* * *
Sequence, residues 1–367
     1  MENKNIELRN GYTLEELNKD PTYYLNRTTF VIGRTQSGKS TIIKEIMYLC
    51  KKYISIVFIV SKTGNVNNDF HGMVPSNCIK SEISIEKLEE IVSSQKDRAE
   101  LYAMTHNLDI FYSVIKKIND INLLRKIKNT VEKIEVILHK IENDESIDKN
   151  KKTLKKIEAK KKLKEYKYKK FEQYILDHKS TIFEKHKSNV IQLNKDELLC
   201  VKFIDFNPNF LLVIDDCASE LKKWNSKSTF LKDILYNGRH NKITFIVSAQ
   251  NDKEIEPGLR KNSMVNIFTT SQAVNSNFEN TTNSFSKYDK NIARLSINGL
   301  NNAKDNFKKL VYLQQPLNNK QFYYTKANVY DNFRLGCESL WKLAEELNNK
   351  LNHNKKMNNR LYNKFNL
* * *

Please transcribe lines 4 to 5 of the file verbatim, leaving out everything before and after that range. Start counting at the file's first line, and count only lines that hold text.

   101  LYAMTHNLDI FYSVIKKIND INLLRKIKNT VEKIEVILHK IENDESIDKN
   151  KKTLKKIEAK KKLKEYKYKK FEQYILDHKS TIFEKHKSNV IQLNKDELLC